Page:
Web Content Strategist – What Do They Do in a Big Website Design Project?

Web Content Strategist – What Do They Do in a Big Website Design Project?

When talking about a Web content strategist and Web content projects, just what is the context? The answer may vary depending upon whom you are talking to. A content strategy could be something as simple as planning to publish a blog and distribute content via RSS feeds. Or it could be as complicated as planning to create a 1000 page Web site with different targeted content written for specific user groups, and all done in ten languages. In the world of Web design agencies, we are generally talking about the latter when talking about Web content strategy. A content strategist functions as part of a large team that may also include an art director, graphic designers, an information architect, a technical lead, programmers, content developers (writers), and a project manager.

So exactly what am I referring to when I use the term “Web content?” Technically, Web content can be anything that appears on a website, including words, pictures, video, sounds, downloadable files (PDF), buttons, icons, and logos. For this discussion, when I refer to Web content, I’m usually talking about the editorial content-the paragraphs, sentences, and words on a Web page. A content strategist may be involved in tracking and locating some of these other types of content, but for the most part, we will be talking about the processes surrounding the identification, creation, and approval of the words on a Web site.

But let’s not oversimplify this either. As Web users have become more and more sophisticated, their expectations for Web content have become higher. Just having a lot of content is no longer enough. The content has to be well organized (this is usually the information architect’s job) and it must hang together in a coherent way and communicate value and a good story (this is the content strategist’s job).

Editorial content then becomes more than just words on a page. The content strategist can participate in every phase of the project’s design and implementation. She can help figure out what content needs to be on the new site and how much existing content (online, print, etc.) can be re-used. She will help figure out how much new content needs to be written. She will define the content development process to be used for all new content – this would include workflow and approvals. She may also write some of the content herself and handle assigning content to be written by others and editing it once it is complete.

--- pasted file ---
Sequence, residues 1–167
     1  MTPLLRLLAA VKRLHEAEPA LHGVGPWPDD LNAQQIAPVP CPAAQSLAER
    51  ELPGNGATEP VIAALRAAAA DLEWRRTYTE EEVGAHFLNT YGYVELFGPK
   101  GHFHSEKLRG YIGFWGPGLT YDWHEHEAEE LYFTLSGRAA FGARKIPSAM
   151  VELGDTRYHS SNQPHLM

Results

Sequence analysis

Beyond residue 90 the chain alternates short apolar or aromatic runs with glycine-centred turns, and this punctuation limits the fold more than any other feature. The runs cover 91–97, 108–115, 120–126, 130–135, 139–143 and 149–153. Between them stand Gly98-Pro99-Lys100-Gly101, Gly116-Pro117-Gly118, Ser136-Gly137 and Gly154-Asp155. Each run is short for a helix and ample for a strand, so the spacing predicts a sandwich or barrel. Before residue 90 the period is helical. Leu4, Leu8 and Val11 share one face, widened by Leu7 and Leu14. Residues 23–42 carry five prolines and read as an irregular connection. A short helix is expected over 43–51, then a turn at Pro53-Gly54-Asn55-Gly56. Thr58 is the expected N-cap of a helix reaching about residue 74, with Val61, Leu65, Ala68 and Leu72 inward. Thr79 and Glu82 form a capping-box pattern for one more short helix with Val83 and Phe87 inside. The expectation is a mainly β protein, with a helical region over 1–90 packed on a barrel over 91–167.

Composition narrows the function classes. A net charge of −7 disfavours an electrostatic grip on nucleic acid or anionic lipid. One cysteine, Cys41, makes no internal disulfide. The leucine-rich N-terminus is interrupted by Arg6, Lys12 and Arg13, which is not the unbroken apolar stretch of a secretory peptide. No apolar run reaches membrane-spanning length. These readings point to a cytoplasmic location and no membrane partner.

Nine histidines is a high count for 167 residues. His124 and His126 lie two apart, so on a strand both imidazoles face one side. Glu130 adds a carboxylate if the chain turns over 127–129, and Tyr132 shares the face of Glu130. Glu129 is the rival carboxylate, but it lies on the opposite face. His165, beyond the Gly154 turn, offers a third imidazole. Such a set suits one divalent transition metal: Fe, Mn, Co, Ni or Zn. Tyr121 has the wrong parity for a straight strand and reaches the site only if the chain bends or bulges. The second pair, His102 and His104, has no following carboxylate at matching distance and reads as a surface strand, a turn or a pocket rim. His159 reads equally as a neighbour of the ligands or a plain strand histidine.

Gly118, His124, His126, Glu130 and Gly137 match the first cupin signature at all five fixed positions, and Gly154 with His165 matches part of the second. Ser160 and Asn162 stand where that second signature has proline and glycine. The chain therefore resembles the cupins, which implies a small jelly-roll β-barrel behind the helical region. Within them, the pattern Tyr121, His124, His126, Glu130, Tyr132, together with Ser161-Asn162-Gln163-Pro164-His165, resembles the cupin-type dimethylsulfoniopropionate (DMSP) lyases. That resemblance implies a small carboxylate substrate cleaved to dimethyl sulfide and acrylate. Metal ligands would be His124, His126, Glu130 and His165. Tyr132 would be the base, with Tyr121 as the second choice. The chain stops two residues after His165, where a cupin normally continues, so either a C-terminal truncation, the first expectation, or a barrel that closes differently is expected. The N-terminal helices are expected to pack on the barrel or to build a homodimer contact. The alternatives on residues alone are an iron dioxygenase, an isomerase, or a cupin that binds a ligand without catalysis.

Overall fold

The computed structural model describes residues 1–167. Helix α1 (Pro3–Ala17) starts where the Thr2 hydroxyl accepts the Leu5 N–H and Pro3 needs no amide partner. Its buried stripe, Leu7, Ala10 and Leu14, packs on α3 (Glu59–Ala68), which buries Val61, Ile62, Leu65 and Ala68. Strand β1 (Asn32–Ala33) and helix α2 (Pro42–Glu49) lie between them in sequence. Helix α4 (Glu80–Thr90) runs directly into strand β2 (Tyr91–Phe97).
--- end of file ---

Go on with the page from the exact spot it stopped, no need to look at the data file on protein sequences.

So as a content strategist, for every paragraph of text on the Web site, she will need to consider:

  • How is this information relevant to what the user is doing? A site user who is just beginning to think about buying a product needs very different information than someone who has done a lot of research and just wants detailed specifications. These users have different criteria for what relevant product information might be. This is often referred to as the user’s context in the site. This is why a content strategist may decide to write different content for a number of user types.
  • Is the content comprehensive? Is everything present on the site that a user might want to know so they can successfully accomplish whatever they came to the website to accomplish?
  • Is the content appropriately labeled and defined? These labels and definitions of the content are referred to as metadata-data about data. Keywords or tags for searching might be metadata, as could a list of countries for which the content be used. Metadata makes the content able to be manipulated automatically by computer systems based on business rules. For instance, maybe products labeled as “boots” should only appear in certain areas of the site.
  • What is the most efficient way to develop this content? Ultimately, someone is going to have to write, import, or copy and paste existing text into some kind of data repository for the site, usually a Web content management system (WCMS). What tools will be used? What workflows and approvals are needed? If there is a WCMS, how easy are the input forms to use and should the content strategist help design them? Is there enough time in the project plan to create all the needed content? The team will look to the content strategist to help answer these questions.

All of these elements become as much a part of the Web editorial content as the words and sentences.

It’s a big job, but one that can be extremely rewarding, both personally and financially, for smart, well-organized writers of all kinds.